A very worrying fact is that more than a half (57.9% in 2013) of unemployed people falls under the category of youth.8 This fact is closely related with the fact that the number of juvenile delinquents is more present in our society today. Further, higher unemployment of youth resulted in the so-called brain drain which is a situation where young people are leaving the country to search for a better life. It is very important to state that this type of problem has not bypassed the European Union (EU) either, because judging by the data from 2013, young people make up 23.5% of the jobless in the EU.9 What is really alarming is the fact that unemployment is not just a problem of certain communities, and Kandžija refers to it as “a generational problem”, which is in large part the consequence of the global economic crisis. 10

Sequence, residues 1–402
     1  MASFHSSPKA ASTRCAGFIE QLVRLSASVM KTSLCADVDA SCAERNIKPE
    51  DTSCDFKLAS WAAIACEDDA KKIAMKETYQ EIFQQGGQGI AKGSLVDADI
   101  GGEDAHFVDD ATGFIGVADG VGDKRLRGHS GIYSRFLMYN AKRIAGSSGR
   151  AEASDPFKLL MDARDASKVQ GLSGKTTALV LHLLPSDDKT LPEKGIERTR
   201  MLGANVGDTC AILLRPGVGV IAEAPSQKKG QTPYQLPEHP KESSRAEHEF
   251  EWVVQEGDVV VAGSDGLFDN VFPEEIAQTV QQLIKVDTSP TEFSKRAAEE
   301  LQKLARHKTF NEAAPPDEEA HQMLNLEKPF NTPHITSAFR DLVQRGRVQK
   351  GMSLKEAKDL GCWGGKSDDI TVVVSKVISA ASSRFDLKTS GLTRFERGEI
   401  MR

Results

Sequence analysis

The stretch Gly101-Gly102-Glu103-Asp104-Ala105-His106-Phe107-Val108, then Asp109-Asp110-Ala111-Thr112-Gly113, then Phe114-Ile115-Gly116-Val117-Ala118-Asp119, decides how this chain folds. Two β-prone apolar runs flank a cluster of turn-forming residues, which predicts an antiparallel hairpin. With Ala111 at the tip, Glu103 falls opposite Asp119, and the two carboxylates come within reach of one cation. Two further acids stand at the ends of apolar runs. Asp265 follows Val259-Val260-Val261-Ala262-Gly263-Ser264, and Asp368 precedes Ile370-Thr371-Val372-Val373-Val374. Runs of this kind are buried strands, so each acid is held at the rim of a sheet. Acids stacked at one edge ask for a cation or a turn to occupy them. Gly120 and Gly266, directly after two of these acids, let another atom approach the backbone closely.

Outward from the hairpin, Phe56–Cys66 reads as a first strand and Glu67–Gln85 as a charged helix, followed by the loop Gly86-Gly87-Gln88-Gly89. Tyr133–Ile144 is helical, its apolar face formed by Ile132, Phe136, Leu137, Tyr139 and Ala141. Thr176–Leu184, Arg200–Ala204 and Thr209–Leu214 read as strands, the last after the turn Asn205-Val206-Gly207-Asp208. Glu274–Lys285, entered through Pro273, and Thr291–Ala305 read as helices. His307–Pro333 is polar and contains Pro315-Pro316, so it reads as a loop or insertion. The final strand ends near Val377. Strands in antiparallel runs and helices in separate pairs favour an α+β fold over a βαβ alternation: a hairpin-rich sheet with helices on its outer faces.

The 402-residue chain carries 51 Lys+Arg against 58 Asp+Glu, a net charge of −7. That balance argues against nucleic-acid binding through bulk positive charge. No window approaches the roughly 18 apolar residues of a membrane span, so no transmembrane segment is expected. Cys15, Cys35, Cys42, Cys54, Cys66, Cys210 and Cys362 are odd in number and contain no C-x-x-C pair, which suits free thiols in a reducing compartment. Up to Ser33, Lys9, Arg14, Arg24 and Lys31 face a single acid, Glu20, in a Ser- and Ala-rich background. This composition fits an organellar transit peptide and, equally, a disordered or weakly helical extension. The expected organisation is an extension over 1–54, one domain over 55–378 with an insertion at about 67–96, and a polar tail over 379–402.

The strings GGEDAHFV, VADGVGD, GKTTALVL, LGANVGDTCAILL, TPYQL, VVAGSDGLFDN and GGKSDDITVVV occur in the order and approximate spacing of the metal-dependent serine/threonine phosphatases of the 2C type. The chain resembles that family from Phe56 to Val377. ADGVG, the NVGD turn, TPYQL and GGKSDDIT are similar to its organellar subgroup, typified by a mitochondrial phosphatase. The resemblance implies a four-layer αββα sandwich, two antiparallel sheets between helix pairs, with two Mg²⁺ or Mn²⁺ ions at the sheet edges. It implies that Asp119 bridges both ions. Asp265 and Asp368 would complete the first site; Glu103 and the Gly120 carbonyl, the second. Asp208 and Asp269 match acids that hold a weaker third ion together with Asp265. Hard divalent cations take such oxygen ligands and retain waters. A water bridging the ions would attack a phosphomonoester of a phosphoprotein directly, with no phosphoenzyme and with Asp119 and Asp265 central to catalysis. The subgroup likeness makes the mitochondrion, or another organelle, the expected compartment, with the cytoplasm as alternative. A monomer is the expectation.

The unemployment problem is an existential problem of every individual and it represents the inability to use own one’s competence in terms of knowledge, skills and abilities (KSA) for the purpose of turning it to the means by which one can obtain required conditions for further life.  Kljaić states that: “unemployment as a sociological and economic category causes negative phenomena in the development of the economy of each community and is highly correlated with the level of total development and most directly associated with the realization of gross domestic product per capita”.11 The conclusion is that unemployment is, to a large extent, the reflection of a society. The unemployment data for Bosnia and Herzegovina is shown in Figure 3.

Figure 3: Unemployment in Bosnia and Herzegovina (Agency for Statistics of Bosnia and Herzegovina, 2018)